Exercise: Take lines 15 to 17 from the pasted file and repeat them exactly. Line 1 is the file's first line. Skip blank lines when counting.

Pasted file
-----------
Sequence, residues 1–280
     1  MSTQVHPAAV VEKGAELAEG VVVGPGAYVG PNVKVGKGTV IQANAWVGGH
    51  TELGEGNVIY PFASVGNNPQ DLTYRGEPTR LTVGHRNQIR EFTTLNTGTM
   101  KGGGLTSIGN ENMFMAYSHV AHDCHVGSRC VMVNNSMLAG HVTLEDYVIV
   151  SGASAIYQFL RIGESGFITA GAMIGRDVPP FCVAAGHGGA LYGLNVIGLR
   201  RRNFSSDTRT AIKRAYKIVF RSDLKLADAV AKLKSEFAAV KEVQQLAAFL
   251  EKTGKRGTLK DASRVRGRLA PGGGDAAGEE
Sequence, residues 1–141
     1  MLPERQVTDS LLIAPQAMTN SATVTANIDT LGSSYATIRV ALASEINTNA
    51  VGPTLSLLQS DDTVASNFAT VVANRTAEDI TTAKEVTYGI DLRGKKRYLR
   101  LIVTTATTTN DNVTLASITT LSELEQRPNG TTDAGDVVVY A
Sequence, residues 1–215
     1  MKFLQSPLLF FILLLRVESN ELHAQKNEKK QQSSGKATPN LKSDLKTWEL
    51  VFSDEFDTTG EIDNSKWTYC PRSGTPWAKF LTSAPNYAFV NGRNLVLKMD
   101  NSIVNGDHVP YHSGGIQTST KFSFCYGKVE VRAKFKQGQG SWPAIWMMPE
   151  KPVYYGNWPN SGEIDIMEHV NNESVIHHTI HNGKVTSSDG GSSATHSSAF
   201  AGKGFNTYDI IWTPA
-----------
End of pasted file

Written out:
   101  NSIVNGDHVP YHSGGIQTST KFSFCYGKVE VRAKFKQGQG SWPAIWMMPE
   151  KPVYYGNWPN SGEIDIMEHV NNESVIHHTI HNGKVTSSDG GSSATHSSAF
   201  AGKGFNTYDI IWTPA